Plant extracts 101

Green Lifestyle

Put 'names' to faces with our guide to some of the most effective, soothing, plant-based cosmetic remedies.


clockwise from top left: Rose hip, Argan, Jojoba, Beta-glucan, and Calendula.


clockwise from top left: Sandalwood, Shea, Manuka, and Aloe.

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We often see their names on the labels of moisturisers, cleansers, shampoos and the like but do we really know what calendula, jojoba or manuka are?

What about beta-glucan, argan oil and the curiously named shea butter.

They’re the ‘wonder’ ingredients in cosmetics and personal care products that help soothe and smooth, and they come to us courtesy of the plant world. But many of us wouldn’t know them if we feel over them.

We decided to take a closer look at ten of the most common ones to find out exactly what makes them so desirable.

Rose hip

Botanical name: from the Rosaceae or rose family – common varieties are Rosa rubignosa, R. canina, and R. Eglanteria
Origin: various Aka: rose haw
What it is: the fruit of the rose plant, which is left when the flowers finish.
The good bit: the oil from the seeds inside the hip is used in many skincare products, for moisturising, wound healing and promoting elasticity, as well as for conditions such as eczema and acne. Some rosehip oils have a distinctive smell that dissipates after application. Rose hips are high in vitamin C and anti-oxidants. They contain pectin, so jams and jellies can be made from them. The oil also has anti-flammatory properties and is used in internal treatments for rheumatoid arthritis.


Botanical name: Argania spinosa
Origin: Morocco, Algeria and western Mediterranean
What it is: a thorny tree that lives for up to 200 years.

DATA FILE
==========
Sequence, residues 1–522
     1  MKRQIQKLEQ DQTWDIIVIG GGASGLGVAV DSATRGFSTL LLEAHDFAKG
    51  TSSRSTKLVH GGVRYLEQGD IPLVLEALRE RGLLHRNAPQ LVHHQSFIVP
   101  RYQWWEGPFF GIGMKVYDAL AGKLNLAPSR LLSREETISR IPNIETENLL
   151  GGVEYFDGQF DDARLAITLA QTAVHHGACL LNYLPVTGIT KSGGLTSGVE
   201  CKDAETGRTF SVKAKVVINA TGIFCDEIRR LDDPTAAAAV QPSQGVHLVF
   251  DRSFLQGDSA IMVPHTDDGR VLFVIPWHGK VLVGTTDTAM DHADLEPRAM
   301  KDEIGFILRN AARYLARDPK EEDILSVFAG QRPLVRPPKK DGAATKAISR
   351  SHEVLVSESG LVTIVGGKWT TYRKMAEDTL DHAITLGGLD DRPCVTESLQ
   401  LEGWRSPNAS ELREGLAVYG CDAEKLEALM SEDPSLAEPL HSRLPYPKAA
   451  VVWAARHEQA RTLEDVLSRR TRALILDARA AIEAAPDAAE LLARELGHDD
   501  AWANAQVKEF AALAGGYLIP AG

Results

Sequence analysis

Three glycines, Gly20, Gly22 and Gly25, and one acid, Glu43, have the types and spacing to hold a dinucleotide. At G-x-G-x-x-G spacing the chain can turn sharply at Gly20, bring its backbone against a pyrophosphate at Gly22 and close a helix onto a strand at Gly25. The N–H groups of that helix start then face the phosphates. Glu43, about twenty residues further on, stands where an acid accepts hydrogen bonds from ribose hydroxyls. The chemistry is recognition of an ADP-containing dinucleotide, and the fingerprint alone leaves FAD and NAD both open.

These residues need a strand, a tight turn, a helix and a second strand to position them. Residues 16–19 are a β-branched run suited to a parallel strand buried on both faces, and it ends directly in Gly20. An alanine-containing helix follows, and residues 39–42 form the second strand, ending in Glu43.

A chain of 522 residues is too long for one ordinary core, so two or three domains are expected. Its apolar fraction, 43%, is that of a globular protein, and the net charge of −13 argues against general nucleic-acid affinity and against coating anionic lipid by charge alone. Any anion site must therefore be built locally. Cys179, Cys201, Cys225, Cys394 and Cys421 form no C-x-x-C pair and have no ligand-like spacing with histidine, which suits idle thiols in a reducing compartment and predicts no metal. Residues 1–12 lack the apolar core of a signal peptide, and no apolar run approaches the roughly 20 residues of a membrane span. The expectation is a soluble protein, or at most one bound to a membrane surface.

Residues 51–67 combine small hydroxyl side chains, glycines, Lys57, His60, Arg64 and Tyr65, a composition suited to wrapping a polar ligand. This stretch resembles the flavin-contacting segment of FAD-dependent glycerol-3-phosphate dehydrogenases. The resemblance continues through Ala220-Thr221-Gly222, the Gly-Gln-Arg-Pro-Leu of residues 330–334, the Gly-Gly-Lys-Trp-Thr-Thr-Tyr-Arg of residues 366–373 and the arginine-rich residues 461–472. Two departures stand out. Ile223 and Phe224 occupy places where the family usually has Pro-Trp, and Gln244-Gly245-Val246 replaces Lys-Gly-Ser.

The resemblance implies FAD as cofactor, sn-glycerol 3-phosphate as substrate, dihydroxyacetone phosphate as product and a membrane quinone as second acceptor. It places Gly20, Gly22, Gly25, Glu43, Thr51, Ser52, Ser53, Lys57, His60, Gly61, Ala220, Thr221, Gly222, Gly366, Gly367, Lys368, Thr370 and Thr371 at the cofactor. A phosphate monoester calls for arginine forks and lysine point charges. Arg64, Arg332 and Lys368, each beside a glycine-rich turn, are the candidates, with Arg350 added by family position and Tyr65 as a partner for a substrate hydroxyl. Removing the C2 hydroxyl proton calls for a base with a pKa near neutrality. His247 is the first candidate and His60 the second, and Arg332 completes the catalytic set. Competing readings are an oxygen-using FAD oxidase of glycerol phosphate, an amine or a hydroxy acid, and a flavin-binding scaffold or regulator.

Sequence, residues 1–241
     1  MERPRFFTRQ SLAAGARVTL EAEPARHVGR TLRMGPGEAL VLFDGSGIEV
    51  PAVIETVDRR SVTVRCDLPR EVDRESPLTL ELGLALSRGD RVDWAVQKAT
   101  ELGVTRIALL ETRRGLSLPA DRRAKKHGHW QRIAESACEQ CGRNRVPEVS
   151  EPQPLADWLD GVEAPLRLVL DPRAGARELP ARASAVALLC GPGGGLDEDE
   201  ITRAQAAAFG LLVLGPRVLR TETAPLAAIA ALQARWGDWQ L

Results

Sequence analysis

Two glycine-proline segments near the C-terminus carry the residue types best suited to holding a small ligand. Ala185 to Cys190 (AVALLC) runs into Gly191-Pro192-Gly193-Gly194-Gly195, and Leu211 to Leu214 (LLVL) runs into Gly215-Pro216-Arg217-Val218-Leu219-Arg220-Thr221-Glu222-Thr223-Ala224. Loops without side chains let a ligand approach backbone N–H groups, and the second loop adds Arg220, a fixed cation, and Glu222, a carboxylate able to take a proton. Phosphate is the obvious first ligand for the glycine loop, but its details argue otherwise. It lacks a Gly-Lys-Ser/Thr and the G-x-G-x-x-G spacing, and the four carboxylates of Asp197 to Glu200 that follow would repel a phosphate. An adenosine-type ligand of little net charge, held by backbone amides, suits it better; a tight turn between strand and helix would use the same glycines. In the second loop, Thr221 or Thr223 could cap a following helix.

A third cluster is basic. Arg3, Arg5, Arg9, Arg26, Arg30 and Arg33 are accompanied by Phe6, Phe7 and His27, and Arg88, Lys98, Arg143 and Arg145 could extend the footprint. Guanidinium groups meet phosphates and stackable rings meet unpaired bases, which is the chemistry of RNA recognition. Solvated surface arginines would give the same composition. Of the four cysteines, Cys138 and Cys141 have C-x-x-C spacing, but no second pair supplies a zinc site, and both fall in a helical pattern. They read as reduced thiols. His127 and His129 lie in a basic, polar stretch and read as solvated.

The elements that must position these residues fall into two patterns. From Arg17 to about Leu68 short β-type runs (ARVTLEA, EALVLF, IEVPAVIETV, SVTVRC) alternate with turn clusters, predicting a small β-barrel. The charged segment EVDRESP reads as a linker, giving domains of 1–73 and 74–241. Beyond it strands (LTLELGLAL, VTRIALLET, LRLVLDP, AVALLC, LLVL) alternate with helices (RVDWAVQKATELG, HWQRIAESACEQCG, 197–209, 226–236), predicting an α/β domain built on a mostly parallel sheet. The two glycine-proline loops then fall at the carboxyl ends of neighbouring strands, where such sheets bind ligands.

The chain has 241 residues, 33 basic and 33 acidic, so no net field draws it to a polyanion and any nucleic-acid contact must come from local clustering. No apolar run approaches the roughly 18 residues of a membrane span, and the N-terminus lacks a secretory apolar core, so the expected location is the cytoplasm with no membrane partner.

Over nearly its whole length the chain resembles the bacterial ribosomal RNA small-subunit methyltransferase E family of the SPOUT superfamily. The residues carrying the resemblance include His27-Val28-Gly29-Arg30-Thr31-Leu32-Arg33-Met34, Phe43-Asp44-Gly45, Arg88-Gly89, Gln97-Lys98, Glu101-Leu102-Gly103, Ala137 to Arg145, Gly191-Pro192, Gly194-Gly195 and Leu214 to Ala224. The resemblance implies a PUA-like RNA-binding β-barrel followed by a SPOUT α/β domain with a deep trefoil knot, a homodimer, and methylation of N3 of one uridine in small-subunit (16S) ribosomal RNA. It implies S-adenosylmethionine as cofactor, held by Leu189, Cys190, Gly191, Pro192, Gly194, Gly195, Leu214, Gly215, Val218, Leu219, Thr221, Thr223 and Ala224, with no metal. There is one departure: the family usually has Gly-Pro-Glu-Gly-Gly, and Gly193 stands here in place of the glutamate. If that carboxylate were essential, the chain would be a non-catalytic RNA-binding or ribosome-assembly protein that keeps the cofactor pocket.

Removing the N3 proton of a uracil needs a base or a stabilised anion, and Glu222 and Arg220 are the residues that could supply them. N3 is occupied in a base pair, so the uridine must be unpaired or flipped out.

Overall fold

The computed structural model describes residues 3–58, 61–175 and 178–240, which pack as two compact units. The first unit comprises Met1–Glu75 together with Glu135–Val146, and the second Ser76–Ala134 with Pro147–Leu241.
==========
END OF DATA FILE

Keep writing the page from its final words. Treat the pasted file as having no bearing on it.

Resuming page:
The good bit: the tree produces small fruits with oil-rich seed kernels. Essential fatty acids and Vitamin E in the oil makes it good for skin moisturising and hair treatments.


Botanical name: Simmondsia chinensis
Origin: deserts of Arizona, California and Mexico
Aka: goat nut, deer nut, pignut
What it is: a shrub, growing up to 2 m with waxy grey-green leaves, tiny yellow flowers and acorn-shaped seeds.
The good bit: the seeds contain a wax ester similar to the sebum in human skin. It’s often used in moisturising oils and, due to the shape of the molecules in the ester, it will penetrate the skin quickly. It’s also used as a nail hardener, in hair treatments, before waxing and as a soothing aftershave.


What it is: a kind of soluble fibre found in the cell walls of cereal grains – oats and barley are rich sources.
The good bit: it’s an anti-flammatory and you’ll see it in soothing skincare products – it’s said to reduce redness. Oats have long been used in baths and poultices for reducing itchiness and skin irritations. You can even find it in toothpaste.


Botanical name: Calendula officinalis
Aka: marigold
Origin: Asia, Europe, Mediterranean
What it is: a herbaceous plant that’s a member of the daisy family.
The good bit: extracts of the flowers are used for their anti-inflammatory and wound-healing properties, and for nourishing dry skin.


Botanical name: Santalum genus
Origin: India, Sri Lanka, Hawaii and Australia (Santalum spicatum) among others
What it is: a tree with sweet, spicy-smelling wood.
The good bit: essentials oils extracted from the wood (often by steam distillation) are used to add fragrance to many cosmetics. Illegal logging has damaged wild sandalwood growths in Western Australia where sandalwood production is a prime industry. It is now a protected species in India where high prices lead to illegal logging.


Botanical name: Vitellaria paradoxa
Origin: Africa
Aka: karité (French) or Ori (African)
What it is: a tree
The good bit: a yellowish fat extracted from the nut of the shea tree, called shea butter. Traditionally used by African women to protect their skin against harsh sun and wind, you’ll find it in moisturisers, lip balms and hair conditioners.


Botanical name: Leptospermum scoparium
Origin: New Zealand, southeast Australia
Aka: manuka myrtle, NZ teatree
What it is: an evergreen shrubby tree with small, prickly leaves and white or pink flowers.
The good bit: oil is distilled from the leaves and small stems for its anti-inflammatory properties. It’s used in skin and hair care products. Manuka honey, from bees that have gathered nectar from manuka flowers, is prized for its antifungal, anti-inflammatory properties. It’s claimed to have cured infections from the deadly drug-resistant Staphylococcus aureus bacterium, though not scientifically proven. Manuka is in the same plant family as teatree.


Botanical name: Aloe barbadensis
Origin: northern Africa
What it is: a succulent plant that has thick, fleshy, grey-green leaves.
The good bit: the gel from inside the leaves has long been used for its soothing properties – you’ll find it
in skin creams formulated to relieve sunburn and other irritations.